The Antrim comic completes an impressive debut solo stand up set at the Black Box
Nestled in Belfast’s bustling Cathedral Quarter, the Black Box is one of the city’s quirkier venues. It is also a proudly independent one when it comes to staging and fostering local creative talent. Its front lounge, the Green Room, is an especially intimate space of cosy armchairs, clustered tables and stylish wall coverings.
Stand-up comedy in such close quarters can be a risk. There is nowhere to hide – all eyes are trained forward, waiting, expectantly, to be amused. Credit must go then to Luke McGibbon for producing an hour’s worth of promising material to a tightly assembled Green Room gathering.
Describing himself as an ‘occasional jape merchant’, McGibbon’s punters, at a fiver per head, certainly get their money’s worth. The gags and quips are, mercifully, more frequent than occasional. Blessed with an eager crowd, McGibbon’s friend Neil Dickson gets the proceedings underway.
A merchant in banter rather than japery, according to the event’s Facebook page anyway, not all of his routine hits the mark, but Dickson is self-effacing and enthusiastic; he is impossible to dislike. One filthy tale involving a traffic warden gets a good reception, as does the first of the night’s prostate funnies (yes, there’s more than one).
It is not entirely clear whether Dickson is reading his own material on purpose or because he has forgotten it, but the sight of him retrieving a wedge of scribbled notes from his pocket is actually quite amusing. As a motor-mouthed opening gambit, and with the benefit of a sympathetic audience – though he laments the lack of any willing hecklers – he does more than enough to warm up McGibbon’s spot.
There is a faint air of endearing confusion to the manner in which the main act arrives on stage, stuck somewhere between a strut and shamble, before extravagantly tossing a handful of paper confetti in the air.
This is his solo debut and he appears ready to put in the work. Good-natured and somewhat awkward, he cleverly places his humour against these two traits, delivering a standard mix of juvenile fare – incest, circumcision and, of course, prostate exams – with a cheeky, slightly embarrassed grin. But there’s more to his act than teenage sniggering.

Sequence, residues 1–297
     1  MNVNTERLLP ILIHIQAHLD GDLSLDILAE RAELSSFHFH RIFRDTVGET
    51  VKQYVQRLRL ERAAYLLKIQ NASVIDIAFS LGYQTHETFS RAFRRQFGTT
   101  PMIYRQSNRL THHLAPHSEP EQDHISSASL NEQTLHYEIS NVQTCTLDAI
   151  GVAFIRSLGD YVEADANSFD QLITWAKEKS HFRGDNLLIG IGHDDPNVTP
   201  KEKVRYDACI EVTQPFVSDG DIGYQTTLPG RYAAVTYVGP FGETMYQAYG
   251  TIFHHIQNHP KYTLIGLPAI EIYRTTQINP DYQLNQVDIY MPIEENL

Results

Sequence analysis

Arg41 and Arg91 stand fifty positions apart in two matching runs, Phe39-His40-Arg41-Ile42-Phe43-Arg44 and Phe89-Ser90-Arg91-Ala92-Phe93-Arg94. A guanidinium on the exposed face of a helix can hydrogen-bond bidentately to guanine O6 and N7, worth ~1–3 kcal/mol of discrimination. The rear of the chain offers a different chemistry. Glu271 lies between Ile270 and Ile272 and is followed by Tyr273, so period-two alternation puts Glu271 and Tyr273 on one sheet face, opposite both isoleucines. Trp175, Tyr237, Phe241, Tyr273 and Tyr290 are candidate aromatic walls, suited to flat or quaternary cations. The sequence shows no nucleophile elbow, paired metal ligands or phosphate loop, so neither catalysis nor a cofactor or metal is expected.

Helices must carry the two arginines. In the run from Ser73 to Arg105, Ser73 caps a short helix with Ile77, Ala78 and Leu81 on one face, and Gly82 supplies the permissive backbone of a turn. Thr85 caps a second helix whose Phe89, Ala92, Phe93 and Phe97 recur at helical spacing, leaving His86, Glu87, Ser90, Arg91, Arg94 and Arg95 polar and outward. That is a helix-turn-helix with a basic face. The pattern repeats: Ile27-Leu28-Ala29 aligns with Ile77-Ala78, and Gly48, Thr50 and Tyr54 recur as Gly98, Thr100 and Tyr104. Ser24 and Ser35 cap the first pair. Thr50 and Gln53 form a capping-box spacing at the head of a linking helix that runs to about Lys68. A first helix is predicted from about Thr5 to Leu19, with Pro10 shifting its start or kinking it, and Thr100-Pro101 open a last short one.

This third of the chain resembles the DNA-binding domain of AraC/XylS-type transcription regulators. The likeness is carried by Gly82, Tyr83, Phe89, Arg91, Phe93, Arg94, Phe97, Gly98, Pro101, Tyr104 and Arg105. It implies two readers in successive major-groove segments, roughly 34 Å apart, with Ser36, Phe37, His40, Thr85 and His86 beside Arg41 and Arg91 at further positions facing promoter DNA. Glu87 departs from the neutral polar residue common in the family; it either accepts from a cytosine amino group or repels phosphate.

Working from a list of topics taped to the wall for all to see, including Russell Kane’s ‘dead relative’ theme, McGibbon immediately engages an audience member (christened ‘Tony’ for the duration) with a tacky friendship bracelet and a series of cue cards upon which he calls from time to time. Checking off each topic as it falls, he has clearly done a respectable amount of preparation.
His slate is broad enough to take in a charming tale of childhood in a post-conflict Northern Ireland. Seeking clarification from his father on the difference between Catholics and prostitutes, he is left with one key question: ‘Why do prostitutes have their own estates in east Belfast?’
Indeed, one of McGibbon’s main strengths is his drily articulate asides. ‘I don’t know why anyone in Northern Ireland would want to remember the 70s,’ he mutters, when the subject of throwback nights comes up. Biology students are the world’s best lovers, he goes on to suggest, because they know where everything is. ‘As long you’re cut in half and visible from the side.’
It is witty stuff and, at times, darkly knowing. ‘My room mate is addicted to drugs,’ he says, recalling the time he decided to intervene and hide his friend’s syringes. It was not well received: ‘Turns out he really loves that insulin.’ Reading one of Dr King’s particularly conciliatory quotes in the wake of the glee surrounding Fred Phelps’s recent passing brought McGibbon to one conclusion. ‘I too am glad… that Martin Luther King is dead.’
Not everything clicks. Some jokes may be swiftly jettisoned, others need polishing. That said, McGibbon’s main opponent would appear to be his nerves, a familiar obstacle to any stand-up. There is talent here, however, right down to the charmingly naff finale in which the comedian, dressed in a hoodie and tattered tracksuit trousers, tears away the latter to reveal a pair of bland jeans lurking beneath. Work is required but there is much to work with.
Visit the Black Box website for information on forthcoming events.